As discussed above, the data collected by one or more readers can be stored on a computing device or sent to a collective datastore resident on or coupled to a host computer of a wired or wireless network. The host computer may store data received from a plurality of households or locations in the datastore. The datastore may comprise one or more datastore(s) or file(s). The data collected may be used to generate a graphical display of where post-consumption items arc located. Similarly the datastore may be utilized to generate electronic or traditional paper notifications to waste management services or recycling services that a collection should be scheduled. Similarly the datastore may be used to notify collectors of unusual pickup circumstances. For example, perhaps a general waste or recycling retrieval is scheduled for a particular day or time at a particular location, (e.g., a household or business), but at the particular time there is little or nothing to retrieve. In this case a notification may be sent to the retrieval service not to stop at that location. Alternatively, an additional retrieval may be scheduled for any reason including a need for raw materials, optimization of routing, amount of waste or recycling generated, or the like.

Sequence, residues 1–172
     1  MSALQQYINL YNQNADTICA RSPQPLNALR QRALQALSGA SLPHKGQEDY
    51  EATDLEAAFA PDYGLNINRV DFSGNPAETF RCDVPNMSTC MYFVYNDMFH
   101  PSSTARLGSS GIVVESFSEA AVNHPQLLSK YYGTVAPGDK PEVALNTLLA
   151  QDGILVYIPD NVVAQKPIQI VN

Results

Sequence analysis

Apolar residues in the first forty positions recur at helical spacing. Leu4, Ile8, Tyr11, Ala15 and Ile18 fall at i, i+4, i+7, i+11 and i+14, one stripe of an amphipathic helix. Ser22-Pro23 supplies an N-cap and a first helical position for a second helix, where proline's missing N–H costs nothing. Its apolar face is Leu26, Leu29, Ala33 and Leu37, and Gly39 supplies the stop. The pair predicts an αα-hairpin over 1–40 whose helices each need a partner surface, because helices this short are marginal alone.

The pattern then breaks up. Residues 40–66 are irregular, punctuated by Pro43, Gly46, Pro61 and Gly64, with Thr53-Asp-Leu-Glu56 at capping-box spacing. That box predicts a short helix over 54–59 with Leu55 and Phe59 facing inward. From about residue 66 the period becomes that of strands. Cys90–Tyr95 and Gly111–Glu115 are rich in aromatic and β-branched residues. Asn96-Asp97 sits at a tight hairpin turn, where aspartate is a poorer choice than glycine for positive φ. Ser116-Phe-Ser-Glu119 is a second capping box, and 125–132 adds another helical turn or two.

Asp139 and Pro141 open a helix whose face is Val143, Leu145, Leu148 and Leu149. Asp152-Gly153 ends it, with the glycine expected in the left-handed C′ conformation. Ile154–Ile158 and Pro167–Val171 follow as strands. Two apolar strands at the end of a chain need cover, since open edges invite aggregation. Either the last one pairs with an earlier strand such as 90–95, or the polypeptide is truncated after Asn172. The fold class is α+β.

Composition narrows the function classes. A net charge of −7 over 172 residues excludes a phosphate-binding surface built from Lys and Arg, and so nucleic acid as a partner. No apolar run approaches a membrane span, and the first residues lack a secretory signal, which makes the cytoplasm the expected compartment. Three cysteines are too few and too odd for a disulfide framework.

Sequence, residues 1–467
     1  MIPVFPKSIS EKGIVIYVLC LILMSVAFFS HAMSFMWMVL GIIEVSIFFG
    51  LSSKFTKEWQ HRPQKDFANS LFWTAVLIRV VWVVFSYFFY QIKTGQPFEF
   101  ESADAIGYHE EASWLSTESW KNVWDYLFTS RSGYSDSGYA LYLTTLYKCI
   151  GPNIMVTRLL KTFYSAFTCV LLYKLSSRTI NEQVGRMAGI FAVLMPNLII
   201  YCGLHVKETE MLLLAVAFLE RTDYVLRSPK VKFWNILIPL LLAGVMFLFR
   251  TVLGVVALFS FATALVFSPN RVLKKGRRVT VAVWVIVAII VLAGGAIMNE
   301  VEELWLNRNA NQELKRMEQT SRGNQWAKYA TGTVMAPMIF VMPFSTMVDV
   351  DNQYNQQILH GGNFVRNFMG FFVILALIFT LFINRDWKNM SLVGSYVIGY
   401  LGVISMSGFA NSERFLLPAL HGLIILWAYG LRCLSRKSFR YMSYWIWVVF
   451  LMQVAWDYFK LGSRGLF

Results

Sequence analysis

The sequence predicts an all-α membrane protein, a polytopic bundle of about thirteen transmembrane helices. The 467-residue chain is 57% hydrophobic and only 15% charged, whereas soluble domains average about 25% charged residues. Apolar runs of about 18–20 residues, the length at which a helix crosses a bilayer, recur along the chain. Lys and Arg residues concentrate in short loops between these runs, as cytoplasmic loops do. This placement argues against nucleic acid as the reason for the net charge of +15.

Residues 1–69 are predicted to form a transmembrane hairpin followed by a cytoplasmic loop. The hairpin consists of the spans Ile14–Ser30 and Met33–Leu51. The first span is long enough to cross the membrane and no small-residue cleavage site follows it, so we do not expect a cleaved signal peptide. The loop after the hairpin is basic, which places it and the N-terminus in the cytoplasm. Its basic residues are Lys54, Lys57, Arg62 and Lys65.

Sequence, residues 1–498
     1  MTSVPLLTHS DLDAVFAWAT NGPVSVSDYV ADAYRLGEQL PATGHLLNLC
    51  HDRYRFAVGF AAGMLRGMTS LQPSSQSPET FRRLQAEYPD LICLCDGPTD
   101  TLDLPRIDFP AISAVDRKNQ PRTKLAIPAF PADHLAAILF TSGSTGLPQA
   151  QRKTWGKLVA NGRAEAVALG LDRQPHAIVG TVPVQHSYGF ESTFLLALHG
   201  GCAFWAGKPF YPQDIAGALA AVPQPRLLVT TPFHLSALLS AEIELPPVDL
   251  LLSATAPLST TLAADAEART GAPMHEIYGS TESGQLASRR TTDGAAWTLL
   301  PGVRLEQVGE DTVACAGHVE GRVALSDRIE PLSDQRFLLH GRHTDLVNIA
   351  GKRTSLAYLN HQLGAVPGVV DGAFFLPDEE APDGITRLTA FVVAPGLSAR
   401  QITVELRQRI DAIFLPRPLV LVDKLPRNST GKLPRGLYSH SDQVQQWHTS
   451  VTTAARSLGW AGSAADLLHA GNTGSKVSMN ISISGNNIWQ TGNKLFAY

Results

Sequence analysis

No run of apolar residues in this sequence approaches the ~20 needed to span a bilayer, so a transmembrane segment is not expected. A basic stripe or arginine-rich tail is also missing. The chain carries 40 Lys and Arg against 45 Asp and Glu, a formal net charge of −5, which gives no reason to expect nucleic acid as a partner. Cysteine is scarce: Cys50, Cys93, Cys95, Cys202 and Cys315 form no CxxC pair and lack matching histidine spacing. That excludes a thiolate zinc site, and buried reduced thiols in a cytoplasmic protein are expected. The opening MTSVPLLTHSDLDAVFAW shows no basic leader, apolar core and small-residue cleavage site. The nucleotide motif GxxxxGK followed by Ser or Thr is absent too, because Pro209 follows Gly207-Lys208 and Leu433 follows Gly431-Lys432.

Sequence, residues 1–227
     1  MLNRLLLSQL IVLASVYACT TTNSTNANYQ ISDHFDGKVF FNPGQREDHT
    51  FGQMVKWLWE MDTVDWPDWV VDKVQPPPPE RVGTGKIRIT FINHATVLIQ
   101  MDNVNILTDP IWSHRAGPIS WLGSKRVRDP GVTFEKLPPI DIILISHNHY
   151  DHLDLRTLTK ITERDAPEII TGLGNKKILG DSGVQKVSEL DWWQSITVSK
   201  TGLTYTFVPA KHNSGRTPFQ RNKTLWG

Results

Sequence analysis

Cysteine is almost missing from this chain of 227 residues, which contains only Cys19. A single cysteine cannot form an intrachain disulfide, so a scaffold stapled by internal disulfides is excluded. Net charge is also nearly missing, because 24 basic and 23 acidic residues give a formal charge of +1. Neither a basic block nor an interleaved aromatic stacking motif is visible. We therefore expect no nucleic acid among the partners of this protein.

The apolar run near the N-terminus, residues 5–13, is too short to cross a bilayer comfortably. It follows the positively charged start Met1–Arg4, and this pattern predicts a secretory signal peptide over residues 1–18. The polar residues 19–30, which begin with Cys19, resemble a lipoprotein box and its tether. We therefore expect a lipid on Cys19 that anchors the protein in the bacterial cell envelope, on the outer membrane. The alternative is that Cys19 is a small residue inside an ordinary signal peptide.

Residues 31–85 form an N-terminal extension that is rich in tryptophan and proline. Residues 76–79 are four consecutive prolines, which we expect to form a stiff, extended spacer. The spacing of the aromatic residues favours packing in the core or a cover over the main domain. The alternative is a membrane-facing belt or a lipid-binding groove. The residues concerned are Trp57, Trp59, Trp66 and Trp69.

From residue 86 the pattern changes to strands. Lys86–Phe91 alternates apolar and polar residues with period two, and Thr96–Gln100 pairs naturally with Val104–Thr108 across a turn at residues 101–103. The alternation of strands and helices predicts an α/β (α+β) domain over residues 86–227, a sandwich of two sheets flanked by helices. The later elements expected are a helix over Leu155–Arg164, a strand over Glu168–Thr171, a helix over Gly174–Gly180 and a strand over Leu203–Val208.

It is noted that the foregoing examples have been provided merely for the purpose of explanation and are in no way to be construed as limiting of the present invention. As an example, if a function such as maintenance and/or querying of a datastore query is attributed to a particular element such as a reader, it will be understood that the function may be performed alternatively or additionally by a building management component or by any suitable network element without departing from the spirit and scope of the invention.